Tips for keeping you and your house cool in the summer
Days as hot as Monday are fairly uncommon in this area, making temperatures this high dangerous for Northlanders.
“Acclimatization is so important when it comes to your body and being used to the heat,” explained NWS Meteorologist Joe Moore. “You might have friends and family down in Florida and Texas making fun of you for complaining about the heat when it’s 90 degrees up here, but it truly is dangerous because our bodies are not used to it. We don’t see a lot of days in the nineties in the Northland, and so it’s really important that when we do see this dangerous heat, we play it safe.”
Summers have been getting warmer in the region, as indicated by NWS data. Four out of the last five years have had over 50 days with a high temperature above 80 degrees in Duluth, compared to the long-term average of 25-30 days.
Monday reached the upper eighties to mid-nineties throughout the Northland. Dew points in the low seventies brought the heat index close to 100.
“Heat index is one way to kind of measure just how it feels, the combination of heat and humidity,” said Moore. “This time of year, we’re getting a lot of kind of Gulf of Mexico influenced moisture all the way up here in northern Minnesota, and so not only is the sun very strong, but we’re also seeing really high dew points. It can feel really sticky out.”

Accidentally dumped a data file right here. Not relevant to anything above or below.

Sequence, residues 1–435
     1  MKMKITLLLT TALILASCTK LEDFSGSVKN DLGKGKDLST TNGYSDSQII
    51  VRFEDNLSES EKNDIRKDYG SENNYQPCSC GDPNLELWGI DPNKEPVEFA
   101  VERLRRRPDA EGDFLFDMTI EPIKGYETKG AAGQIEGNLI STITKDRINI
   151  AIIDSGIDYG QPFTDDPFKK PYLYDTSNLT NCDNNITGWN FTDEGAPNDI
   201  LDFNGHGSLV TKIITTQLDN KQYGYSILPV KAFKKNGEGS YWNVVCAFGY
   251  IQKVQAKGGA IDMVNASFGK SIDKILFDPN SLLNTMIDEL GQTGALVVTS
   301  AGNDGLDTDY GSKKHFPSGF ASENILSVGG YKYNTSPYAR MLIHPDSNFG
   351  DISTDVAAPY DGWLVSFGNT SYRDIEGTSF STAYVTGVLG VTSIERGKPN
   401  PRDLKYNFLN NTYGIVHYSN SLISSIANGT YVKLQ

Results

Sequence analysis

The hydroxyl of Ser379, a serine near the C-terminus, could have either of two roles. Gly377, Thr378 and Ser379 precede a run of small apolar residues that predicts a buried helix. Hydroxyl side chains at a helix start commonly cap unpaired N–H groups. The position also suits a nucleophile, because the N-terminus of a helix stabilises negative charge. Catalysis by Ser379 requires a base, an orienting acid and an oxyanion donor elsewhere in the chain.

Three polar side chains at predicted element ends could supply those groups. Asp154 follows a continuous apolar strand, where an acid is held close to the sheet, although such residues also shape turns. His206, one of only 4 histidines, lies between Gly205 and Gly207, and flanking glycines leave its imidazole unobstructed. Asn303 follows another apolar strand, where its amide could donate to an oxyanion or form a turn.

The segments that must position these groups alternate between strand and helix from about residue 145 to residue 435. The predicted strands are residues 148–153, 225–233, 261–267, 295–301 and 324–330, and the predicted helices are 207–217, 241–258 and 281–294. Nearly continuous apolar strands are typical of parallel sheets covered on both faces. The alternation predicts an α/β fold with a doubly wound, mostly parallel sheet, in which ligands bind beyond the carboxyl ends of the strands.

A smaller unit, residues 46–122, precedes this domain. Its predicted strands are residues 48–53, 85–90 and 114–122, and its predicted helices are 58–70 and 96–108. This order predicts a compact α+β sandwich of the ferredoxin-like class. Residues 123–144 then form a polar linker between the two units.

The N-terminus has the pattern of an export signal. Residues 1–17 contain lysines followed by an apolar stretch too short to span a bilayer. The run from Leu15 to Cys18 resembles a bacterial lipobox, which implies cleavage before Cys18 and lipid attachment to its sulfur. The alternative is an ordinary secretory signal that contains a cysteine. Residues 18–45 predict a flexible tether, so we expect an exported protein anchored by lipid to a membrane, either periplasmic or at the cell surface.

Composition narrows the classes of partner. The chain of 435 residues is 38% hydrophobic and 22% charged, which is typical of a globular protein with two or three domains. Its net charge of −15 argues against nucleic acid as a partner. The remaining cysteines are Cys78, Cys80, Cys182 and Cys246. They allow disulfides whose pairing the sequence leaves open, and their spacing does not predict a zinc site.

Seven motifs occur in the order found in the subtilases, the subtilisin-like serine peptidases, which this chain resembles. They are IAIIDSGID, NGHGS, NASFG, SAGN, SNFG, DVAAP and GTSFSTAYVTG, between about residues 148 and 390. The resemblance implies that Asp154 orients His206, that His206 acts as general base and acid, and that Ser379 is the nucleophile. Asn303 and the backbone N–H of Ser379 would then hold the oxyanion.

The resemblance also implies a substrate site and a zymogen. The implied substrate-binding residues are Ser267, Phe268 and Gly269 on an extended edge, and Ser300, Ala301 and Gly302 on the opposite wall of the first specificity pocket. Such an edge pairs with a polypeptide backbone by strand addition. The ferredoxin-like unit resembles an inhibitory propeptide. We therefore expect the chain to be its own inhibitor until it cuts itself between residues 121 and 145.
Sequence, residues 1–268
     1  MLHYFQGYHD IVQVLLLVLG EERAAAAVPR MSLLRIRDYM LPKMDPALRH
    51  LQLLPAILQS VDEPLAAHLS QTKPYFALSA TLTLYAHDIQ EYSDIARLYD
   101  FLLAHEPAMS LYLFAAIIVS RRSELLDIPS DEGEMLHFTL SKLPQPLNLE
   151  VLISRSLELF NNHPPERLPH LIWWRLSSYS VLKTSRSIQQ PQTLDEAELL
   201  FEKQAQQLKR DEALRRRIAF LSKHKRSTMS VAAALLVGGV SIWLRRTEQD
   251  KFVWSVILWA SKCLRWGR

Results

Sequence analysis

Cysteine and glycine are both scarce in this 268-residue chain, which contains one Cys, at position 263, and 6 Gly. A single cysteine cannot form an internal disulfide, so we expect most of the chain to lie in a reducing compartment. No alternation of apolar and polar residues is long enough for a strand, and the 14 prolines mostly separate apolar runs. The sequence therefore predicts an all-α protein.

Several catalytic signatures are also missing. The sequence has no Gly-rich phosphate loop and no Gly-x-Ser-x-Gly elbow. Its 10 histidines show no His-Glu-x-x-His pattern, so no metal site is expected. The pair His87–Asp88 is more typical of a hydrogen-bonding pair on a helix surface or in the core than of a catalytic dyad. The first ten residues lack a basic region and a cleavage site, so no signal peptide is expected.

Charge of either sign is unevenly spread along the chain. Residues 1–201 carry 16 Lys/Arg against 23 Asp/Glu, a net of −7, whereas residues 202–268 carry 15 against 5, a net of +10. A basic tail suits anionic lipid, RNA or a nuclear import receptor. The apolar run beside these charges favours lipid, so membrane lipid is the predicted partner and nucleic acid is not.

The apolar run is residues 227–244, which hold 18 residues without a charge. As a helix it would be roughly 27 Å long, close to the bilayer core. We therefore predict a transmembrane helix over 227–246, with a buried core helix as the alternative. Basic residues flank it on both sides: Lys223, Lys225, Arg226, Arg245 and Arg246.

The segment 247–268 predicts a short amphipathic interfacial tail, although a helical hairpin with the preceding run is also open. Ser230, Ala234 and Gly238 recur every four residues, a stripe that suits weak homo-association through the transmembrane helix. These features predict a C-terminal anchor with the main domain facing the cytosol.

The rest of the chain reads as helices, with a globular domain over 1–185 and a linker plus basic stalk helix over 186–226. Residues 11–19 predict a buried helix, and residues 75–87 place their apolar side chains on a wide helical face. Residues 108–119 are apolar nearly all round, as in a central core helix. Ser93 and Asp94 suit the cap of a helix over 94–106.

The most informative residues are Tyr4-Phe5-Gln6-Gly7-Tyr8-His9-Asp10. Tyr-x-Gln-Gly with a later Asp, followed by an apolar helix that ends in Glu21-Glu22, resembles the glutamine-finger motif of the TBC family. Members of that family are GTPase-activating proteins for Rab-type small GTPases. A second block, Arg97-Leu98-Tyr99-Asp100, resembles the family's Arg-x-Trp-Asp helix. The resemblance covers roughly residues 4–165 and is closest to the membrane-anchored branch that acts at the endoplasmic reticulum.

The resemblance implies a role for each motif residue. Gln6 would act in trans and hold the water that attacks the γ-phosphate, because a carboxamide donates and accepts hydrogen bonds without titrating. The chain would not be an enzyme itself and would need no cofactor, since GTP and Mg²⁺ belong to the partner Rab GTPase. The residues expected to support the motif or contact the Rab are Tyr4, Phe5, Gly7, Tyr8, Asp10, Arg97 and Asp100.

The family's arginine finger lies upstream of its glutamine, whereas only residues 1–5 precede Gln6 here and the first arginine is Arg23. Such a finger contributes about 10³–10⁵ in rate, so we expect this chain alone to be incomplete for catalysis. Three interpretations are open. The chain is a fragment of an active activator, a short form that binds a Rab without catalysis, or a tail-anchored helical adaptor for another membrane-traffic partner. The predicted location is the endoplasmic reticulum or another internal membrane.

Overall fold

With the heat index so high, many are at risk for heat-related illnesses.
“It’s important that when you’re outside, especially during the hours of 10 a.m. to 2 p.m., when the sun is the strongest, to make sure that you take frequent breaks, make sure you’re getting plenty of water because you’re usually sweating it away,” said Moore.
If you are inside and do not have A/C, Minnesota Power has tips on how to keep your house cooler.
“Keep those shades drawn during the day, keep that heat out, use fans to keep that air circulating,” said MN Power Manager Amy Rutledge. “Another idea to keep in mind is don’t use big kinds of energy users during the day, like your dishwasher or your dryer or washing machine. Using those heat up your house as well as when you’re using those appliances during peak hours, that also can impact your energy bills.”
Another recommendation is to cook outside if able. Minnesota Power also offers a free audit to see if your home is energy efficient.
“We want to make sure that everybody is able to keep cool in the summer and keep warm in the winter, and making sure that your home is as energy efficient as possible is a great way to do that,” said Rutledge.